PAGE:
The visitors are coming thick and fast now. Last week we have Lawrie and Vicki Jacks, Adam and Gerry Skinner then Glenn Prohasky, all from Australia. We returned to Bath – Stuart belatedly bought a season ticket as it is the 4th time he has been to the Roman Baths. Its the sort of place you never tire of. Next was an open top bus tour of the City to enjoy the Georgian architecture including Royal Crescent.
Friday was a trip North to two historic battlefields, Tewksbury (1471) and Evesham (1265). The former was much better set up than the latter. At Evesham, Simon de Monfort came up again Prince Edward, who would later become King Edward I. Simon was keen on taking power from the King and setting up a parliament. The King was none too chuffed about this, and the resulting stouch at Evesham saw Simon coming 2nd, and it was not just the battle he lost – his arms, legs, head and a few other sensitive bits were chopped off on the battlefield.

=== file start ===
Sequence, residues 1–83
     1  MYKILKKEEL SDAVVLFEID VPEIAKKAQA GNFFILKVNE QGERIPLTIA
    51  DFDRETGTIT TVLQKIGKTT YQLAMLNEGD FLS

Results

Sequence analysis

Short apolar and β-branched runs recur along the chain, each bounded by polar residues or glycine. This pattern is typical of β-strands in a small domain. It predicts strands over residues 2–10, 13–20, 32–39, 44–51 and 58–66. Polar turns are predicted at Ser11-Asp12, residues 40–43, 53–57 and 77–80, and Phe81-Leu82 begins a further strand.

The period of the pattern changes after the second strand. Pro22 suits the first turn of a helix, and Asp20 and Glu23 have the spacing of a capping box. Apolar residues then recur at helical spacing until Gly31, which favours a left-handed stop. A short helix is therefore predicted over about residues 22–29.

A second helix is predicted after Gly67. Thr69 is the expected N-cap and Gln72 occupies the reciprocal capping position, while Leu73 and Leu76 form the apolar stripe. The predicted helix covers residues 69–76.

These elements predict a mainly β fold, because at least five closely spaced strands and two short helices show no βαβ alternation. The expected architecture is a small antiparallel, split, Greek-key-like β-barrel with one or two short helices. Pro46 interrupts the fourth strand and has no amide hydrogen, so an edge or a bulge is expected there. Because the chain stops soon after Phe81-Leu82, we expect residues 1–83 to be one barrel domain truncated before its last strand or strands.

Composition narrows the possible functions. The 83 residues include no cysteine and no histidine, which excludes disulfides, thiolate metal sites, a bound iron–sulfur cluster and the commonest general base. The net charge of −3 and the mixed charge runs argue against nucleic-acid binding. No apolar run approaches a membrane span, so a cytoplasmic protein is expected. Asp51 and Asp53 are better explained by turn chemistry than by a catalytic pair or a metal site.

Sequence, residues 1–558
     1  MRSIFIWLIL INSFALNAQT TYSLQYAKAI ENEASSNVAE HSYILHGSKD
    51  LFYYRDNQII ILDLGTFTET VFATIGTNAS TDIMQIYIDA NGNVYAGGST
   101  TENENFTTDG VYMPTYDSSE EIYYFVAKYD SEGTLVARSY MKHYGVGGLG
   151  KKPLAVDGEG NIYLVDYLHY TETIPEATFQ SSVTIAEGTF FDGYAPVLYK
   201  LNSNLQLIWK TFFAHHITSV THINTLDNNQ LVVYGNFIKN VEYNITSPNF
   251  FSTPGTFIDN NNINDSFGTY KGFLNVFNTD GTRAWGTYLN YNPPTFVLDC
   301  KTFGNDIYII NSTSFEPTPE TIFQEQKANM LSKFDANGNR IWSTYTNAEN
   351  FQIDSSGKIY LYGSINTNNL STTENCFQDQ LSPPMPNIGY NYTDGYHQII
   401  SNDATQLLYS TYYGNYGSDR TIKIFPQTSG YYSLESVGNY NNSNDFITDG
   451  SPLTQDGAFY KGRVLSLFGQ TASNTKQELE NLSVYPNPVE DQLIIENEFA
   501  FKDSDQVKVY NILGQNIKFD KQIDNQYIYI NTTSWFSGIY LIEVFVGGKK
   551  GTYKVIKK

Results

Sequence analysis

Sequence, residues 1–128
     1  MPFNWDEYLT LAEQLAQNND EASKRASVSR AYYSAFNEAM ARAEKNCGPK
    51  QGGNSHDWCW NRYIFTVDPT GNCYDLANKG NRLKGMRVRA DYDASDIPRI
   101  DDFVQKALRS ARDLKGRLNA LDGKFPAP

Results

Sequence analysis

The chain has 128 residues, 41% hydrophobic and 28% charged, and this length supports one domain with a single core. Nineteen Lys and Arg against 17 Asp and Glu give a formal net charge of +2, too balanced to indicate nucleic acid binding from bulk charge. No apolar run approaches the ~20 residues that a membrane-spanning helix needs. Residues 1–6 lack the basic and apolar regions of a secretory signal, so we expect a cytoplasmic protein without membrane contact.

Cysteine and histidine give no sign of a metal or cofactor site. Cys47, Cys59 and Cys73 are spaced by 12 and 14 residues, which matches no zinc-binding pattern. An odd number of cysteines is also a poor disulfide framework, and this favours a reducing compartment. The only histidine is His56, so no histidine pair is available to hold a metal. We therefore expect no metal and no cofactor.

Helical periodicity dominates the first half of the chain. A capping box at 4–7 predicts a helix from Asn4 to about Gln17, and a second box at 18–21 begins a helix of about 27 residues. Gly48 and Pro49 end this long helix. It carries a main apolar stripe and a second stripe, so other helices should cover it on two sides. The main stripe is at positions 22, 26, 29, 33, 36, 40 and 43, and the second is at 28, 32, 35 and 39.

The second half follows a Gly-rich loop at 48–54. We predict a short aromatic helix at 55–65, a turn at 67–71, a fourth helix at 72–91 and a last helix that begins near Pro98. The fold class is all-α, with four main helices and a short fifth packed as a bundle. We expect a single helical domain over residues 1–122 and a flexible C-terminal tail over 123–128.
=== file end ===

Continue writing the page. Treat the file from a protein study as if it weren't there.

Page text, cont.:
Tewksbury is a wonderful medieval town. The history of the battle and the wonderful abbey are not lost on the locals – the high street is full of colourful banners replicating those used on at the battle in 1471. The only way to work out which knight was who was via their flag. The video show the boar emblem of the Kings brother, the future King Richard III, who fought with the King at Tewksbury, who was to die at Bosworth Field in 1485. Bosworth was the big victory for the Lancastrians, that saw Henry VII become king and the start of the Tudor era. But Tewksbury was a big win for the Yorkists. Margaret of Anjou (Lancs) had returned from France to try and put her son Edward on the Thrown. King Edward IV (Yorks) wasn’t having any of it, and chase her army to Tewksbury, where they rested before crossing the river Severn, by the Abbey.
Edward IV was a brilliant strategist, and routed the more heavily numbered Lancs, who were cornered as they crossed the river, and slaughtered. Others were caught taking refuge in the Abbey – they were removed, tried and beheaded. Prince Edward died here and his remains are buried in the Abbey. On the ceiling right above Edwards plaque is King Edward IVs emblem, just in case the Prince needed any reminder of the result.
We walked the battlefield, eating blackberries along the way. Wonder what the fertilizer was, Lancstrians perhaps?! After a trip round the Abbey we had tea and stickies!